Innovation is key to a successful beverage program. To discover how trend-forward beverage programs are piquing consumer appeal and driving cocktail sales, Southern Glazer’s Wine & Spirits, North America’s largest distributor of beverage alcohol, set out on its second annual fact-finding flavor trends tour. The tour included visits to 80 forward-thinking cocktail restaurants and bars in New York; Los Angeles; Chicago; Kansas City, Mo.; and Dallas. After ordering close to 400 cocktails across these red-hot markets, the company identified four key trends driving innovation in the cocktail category.
- Bartenders sweet on bitters. Historically featured as after-dinner drinks or as accent flavors, amari and bitters are experiencing increased popularity due to their ability to tone down drinks that are too tart or too sweet by adding a bitterness that helps bring these flavors back into balance. One of the mostly broadly used amari is Aperol—a bitter orange liqueur that not only adds astringency and bitterness, but also a wonderful color. Amaro Nonino is another amaro making waves; it’s grappa-based and infused with herbs, roots, and spices. Angostura bitters, historically relegated to accent ingredient status, is also making its way to the forefront in cocktails.
- Wine-based cocktails. Wines lend themselves well to cocktail development while reducing the need to add excessive amounts of alcohol (that can make a drink too boozy) and can add a softer sweetness than syrups. These include fortified wines like ports and vermouths; subtle nutty or creamy sherries; crisp and clean red and white wines; and sparkling wines for bubbly texture. And red wine, traditionally just for sangria, is being used to create colorful, flavorful cocktails at some of the country’s most innovative watering holes.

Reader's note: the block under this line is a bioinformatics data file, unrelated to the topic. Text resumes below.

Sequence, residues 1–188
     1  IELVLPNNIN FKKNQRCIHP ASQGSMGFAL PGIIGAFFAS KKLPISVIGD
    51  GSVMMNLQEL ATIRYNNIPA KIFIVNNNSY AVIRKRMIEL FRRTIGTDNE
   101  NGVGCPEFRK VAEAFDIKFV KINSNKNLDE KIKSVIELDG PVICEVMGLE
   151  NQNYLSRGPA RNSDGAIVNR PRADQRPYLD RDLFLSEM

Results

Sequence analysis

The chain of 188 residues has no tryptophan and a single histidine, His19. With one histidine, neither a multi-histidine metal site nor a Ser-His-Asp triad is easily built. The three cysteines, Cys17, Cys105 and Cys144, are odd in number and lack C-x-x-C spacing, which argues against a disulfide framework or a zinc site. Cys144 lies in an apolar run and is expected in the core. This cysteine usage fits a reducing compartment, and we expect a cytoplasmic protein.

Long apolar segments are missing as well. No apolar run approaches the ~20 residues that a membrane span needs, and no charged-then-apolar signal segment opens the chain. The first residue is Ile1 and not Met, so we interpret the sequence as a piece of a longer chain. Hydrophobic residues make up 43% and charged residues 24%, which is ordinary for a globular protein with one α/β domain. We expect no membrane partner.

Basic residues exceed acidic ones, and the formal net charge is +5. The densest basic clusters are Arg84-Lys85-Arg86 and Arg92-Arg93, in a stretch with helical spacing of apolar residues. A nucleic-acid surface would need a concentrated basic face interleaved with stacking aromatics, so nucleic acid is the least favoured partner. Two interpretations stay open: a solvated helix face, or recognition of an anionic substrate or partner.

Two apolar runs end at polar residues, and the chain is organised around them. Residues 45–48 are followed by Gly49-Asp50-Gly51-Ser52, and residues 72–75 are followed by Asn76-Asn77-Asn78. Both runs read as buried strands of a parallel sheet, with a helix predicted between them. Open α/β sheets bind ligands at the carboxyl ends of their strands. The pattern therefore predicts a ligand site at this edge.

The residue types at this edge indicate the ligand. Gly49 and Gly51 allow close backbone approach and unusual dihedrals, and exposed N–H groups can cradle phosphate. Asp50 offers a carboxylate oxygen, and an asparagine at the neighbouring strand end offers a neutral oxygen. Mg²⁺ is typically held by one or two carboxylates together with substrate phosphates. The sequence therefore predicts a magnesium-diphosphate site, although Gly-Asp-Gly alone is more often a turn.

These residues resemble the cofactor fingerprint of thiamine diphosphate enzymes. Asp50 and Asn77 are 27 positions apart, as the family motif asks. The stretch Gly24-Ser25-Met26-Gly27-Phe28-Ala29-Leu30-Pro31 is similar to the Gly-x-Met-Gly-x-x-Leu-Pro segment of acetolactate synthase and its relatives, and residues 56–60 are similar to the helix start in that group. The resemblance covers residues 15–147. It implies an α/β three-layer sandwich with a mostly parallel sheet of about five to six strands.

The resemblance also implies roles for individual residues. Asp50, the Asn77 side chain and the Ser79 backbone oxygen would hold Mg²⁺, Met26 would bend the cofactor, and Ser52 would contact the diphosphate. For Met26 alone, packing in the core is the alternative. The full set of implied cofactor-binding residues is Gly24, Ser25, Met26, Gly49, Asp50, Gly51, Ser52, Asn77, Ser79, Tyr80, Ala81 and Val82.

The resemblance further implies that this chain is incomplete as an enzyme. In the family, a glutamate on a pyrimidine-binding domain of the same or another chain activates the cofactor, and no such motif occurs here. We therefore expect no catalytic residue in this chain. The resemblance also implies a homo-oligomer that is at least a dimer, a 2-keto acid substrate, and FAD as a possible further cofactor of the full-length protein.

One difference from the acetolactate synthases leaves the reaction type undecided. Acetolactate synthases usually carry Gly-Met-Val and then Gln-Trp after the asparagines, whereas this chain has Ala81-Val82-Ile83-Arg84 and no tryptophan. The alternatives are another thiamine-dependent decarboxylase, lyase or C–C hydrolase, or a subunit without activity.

- Garden to glass. Bartenders are creating unique twists on familiar cocktails by incorporating vegetable flavors such as cucumber, celery, peppers, and peas. Some are leveraging spirits that have vegetal characteristics, such as Green Chartreuse or its milder, slightly sweeter, lower-alcohol cousin, Yellow Chartreuse. Aquavit, a spirit often infused with caraway and dill, is also being used to add vegetal flavor. Using vegetables and vegetal spirit ingredients adds fresh, bright flavors and, sometimes (as with red and yellow bell peppers, beets, and snap peas), can impart unique, vibrant colors.
- The buzz about coffee and tea. Coffee and tea as cocktail ingredients have become so popular that entire concepts have opened around them. They’re being leveraged for their smoothness, earthiness, subtle smokiness, and other flavor tones—as well as for their strong backbone, which stands up to more assertive spirits. While cold brew primarily delivers a singular flavor profile, teas from around the world offer versatility and more nuanced flavors. These range from the subtle and delicate aromas of white tea; slight bitterness of many black teas (or subtle smokiness of Lapsang souchong); roasty notes from green teas like houjicha; soft, grassy flavors in matcha tea; or the range of flavors and aromas of oolong tea. Then there’s the incredibly diverse flavors extracted from herbal and floral teas including hibiscus or chamomile.
Regardless of the specific flavor trend, consumers continue to expect more complex and layered flavors in cocktails. They want to be surprised and delighted—albeit within a comfortable framework. This explains why some of the most successful on-premise programs start with a classic cocktail as a base, then use an ever-expanding range of ingredients to make the drink more interesting. The results can keep a beverage program on the leading edge of cocktail trends.
Brian Masilionis, a certified specialist of wine and spirits from the Society of Wine Educators, is director of national accounts on-premise for Southern Glazer’s Wine & Spirits, North America’s largest wine and spirits distributor, and the preeminent data insights company for alcoholic beverages. Contact him at firstname.lastname@example.org.